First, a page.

THIS WEEK I WAS TOLD THAT some at Harvard Law Review suspect that I am a plagiarist. A thief.
On Friday, my editor and I received a letter from a member of the Review. He wrote in reaction to my Feb. 19 column comparing Judge William Hastie, a black man “too conservative” for a Kennedy-era Supreme Court nomination, with filibustered nominee Miguel Estrada. I won’t name the source, but I will reproduce here the guts of his message:
[Y] our column certainly reminds me of the Note I authored for the upcoming issue of the Harvard Law Review. Several persons (big and small) have been struck by the similarities between the vignette that opens my own work and “[t]he story of Judge William Hastie” presented in your column.
Although I certainly do not “own” Hastie’s story, I am quite sure I own my *historiography*.
I would like to believe that you stumbled upon this rather esoteric bit of history … without any prompting from someone within the Review. Help me to convince those who would doubt you.
(This email, of course, is not meant for public consumption.)
The following response, of course, is meant for public consumption.
To disappoint any who may have hoped otherwise, I wrote my own column. I’ve never heard of (let alone seen) the student’s note.
I learned of the story of Judge Hastie on Jan. 29, reading Henry Abraham’s Justices, Presidents, and Senators (pages 209 and 220) on Amtrak en route to Washington (where – I tell you in the interests of full disclosure – I discussed the story with two friends at Shelley’s Back Room and enjoyed a fine Cuban cigar). In writing the column I relied on Dennis Hutchinson’s “The Ideal New Frontier Judge,” 1997 SUP. CT. REV. 373, 377-83, Arthur Schlesinger Jr.’s Robert Kennedy and His Times, Sheldon Goldman’s Picking Federal Judges, and some biographical information found on the Tennessee State web site.
In short, I didn’t plagiarize a “leaked” draft of a Law Review Note.
That should “convince those who would doubt” me. Then again, I delivered this same message to the author of the email days ago, and I have yet to receive any sort of acknowledgement from any of the “doubters.”
What hubris, these accusers! Consider a similar situation: if a Hastie-related Note had appeared in the Review six months after I wrote the column, I never would have marched to Gannett House with a band of “doubters” to demand proof that the work was original.
And if I had demanded proof, would the Editors gladly hand over their files for my inspection? I think we know how they would respond to such a demand.
I won’t spill any more ink on this attack on my character. The self-importance of these people is self-evident.
* * *
I will take a moment to discuss, however, a second charge implicit in their suspicions: by accusing me of using leaked Review materials for my column, they accuse some among their own ranks of conspiring with me.
Because of this column, I can respond with swift and proportionate force to attacks on my character. But my would-be co-conspirators enjoy no such forum. Instead, those members of Law Review must sit quietly and wonder whether the “doubters” see them as suspects.
So I’m going to provide them with a forum, and with a defense.
Never has a Review editor leaked information to me. I’ve never asked anyone to do that, and none of my friends or acquaintances on the Review ever would comply with such a silly request. The paranoia of those “big and small” editors who imagined me conspiring with a Gannett House cabal is amusing, but dangerous. Any editor in a position to leak the Hastie note to me was, whether they knew it or not, a suspect.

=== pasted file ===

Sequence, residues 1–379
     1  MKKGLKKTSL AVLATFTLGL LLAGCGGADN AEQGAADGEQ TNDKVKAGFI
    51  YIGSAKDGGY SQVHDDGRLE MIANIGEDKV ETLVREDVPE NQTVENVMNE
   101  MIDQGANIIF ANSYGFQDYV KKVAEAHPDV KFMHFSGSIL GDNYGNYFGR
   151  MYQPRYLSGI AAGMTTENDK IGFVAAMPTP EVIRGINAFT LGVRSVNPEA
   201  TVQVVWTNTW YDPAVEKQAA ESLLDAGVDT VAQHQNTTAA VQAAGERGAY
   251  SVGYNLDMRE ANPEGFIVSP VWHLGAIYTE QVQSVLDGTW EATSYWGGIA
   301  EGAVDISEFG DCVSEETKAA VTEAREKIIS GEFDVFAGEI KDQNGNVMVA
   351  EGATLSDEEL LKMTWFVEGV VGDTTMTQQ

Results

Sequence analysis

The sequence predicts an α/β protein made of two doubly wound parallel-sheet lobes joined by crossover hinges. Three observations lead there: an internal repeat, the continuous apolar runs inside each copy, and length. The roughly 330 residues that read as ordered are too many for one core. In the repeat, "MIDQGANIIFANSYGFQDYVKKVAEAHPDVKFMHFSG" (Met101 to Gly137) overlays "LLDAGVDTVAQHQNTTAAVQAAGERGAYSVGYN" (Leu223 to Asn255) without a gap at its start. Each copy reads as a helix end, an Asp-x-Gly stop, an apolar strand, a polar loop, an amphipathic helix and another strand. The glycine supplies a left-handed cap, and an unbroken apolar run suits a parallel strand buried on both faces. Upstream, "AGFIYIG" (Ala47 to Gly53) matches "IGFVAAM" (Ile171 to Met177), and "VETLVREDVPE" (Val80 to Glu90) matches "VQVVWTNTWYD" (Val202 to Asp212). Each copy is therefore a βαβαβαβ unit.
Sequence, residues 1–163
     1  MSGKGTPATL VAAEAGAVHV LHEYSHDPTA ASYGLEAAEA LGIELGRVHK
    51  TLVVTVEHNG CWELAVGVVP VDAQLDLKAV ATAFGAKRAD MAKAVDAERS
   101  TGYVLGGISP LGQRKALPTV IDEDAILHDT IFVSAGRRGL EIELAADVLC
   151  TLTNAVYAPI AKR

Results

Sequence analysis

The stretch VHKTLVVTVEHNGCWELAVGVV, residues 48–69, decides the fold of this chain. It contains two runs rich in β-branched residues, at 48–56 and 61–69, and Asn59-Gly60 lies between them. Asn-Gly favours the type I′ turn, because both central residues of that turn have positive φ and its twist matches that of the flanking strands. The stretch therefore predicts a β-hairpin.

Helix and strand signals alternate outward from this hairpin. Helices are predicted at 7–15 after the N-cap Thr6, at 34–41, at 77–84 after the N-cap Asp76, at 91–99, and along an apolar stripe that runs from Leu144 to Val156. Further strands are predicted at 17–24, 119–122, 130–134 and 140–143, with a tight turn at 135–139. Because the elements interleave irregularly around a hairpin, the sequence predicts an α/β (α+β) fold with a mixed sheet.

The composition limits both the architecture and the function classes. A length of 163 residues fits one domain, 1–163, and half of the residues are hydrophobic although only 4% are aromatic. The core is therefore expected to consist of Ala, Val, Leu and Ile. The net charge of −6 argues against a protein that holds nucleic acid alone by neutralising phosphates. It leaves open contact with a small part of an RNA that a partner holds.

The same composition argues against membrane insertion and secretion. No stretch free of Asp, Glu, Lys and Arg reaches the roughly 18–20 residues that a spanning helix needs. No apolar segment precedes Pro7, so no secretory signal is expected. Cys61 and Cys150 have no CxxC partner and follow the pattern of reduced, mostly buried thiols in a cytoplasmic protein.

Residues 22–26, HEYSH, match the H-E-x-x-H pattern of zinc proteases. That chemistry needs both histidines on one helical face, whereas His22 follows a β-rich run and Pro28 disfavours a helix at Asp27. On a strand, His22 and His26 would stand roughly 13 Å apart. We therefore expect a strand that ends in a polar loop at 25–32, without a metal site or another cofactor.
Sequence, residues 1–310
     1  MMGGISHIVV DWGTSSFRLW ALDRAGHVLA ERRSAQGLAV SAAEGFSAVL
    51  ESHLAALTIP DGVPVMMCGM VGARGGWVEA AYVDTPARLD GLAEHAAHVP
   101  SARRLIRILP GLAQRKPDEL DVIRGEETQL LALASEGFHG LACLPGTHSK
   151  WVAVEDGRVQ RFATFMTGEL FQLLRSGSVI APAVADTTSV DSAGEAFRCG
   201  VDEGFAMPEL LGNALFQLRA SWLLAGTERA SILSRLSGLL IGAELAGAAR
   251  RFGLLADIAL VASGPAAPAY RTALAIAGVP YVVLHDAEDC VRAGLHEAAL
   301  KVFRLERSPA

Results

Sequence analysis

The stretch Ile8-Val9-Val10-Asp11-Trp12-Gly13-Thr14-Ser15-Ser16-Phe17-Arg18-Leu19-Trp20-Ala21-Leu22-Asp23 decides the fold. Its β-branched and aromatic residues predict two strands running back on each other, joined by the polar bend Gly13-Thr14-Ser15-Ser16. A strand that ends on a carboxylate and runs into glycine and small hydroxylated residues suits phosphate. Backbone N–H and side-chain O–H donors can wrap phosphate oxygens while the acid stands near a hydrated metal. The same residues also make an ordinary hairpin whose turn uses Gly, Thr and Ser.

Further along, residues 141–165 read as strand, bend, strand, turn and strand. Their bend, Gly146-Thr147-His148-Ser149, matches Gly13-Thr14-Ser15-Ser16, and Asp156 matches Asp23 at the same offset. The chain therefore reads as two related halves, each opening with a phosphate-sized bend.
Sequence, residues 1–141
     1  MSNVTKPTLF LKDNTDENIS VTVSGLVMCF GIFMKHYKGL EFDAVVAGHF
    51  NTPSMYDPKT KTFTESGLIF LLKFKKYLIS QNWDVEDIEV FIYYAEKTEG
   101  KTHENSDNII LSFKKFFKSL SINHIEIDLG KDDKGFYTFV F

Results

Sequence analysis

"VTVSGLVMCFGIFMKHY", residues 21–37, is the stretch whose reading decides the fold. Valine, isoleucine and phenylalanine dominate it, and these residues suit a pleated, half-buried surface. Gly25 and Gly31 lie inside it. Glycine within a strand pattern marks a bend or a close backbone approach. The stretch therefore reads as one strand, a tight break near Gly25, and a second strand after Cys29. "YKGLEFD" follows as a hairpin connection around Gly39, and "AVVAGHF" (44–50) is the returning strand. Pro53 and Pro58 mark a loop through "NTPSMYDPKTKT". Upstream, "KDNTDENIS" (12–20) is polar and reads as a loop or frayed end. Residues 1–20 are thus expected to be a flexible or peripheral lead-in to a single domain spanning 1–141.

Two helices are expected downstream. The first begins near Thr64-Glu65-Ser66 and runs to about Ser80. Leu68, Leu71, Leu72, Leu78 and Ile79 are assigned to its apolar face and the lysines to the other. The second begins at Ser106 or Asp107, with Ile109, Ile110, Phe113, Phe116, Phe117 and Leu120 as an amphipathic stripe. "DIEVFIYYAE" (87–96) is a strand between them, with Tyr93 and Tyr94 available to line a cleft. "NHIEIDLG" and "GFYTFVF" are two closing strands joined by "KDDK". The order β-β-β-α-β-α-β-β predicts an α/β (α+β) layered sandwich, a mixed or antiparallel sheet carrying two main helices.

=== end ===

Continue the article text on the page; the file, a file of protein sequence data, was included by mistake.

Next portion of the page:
As I said above, I’ve received no apology for the unfounded suspicions and rumor-mongering. I don’t expect one. But to my doubters, I say this: you owe a public apology to your fellow editors who you suspected of conspiring with me.
To those who were (whether you knew it or not) targets of such rumor and innuendo, I say this: think for a moment about the type of people who would accuse you of dishonesty and inappropriate behavior. I’m not sure who the accusers had their sights set on, but their eagerness to doubt fellow editors (and me) without compelling evidence should shock your conscience.
Sadly, you Editors who were suspected of leaking the Hastie not to me probably didn’t even know about this fiasco until today. You probably had no idea that “those who would doubt” me would be the first to doubt them, too. Your accusers, at least in my experience, seem to prefer to gossip about it for a few days before confronting the targets of their suspicion.
* * *
I would have preferred to deal with this quietly, but I had no choice. HLS is a small community where rumors can spread quickly. Given that the original “doubts” were premised on the notion that Review editors would leak private matters to this outsider, I saw no reason to trust that doubters “big and small” would not leak rumors of plagiarism, too.
So, I could have emailed my explanation to the Editor who contacted me, but would the Review go out of its way to forward a my private response to everyone who conceivably could have heard the rumor that had started days earlier?
Pardon me, but I had my “doubts.”
For how long should I and my nameless would-be co-conspirators sit idly while an assortment of self-important whisperers tarnish our character?
Not for a moment longer.
Those who continue to doubt my ability to write my own columns are welcome to discuss their doubts with me, in person.
Adam White is the editorial page editor of The Record.
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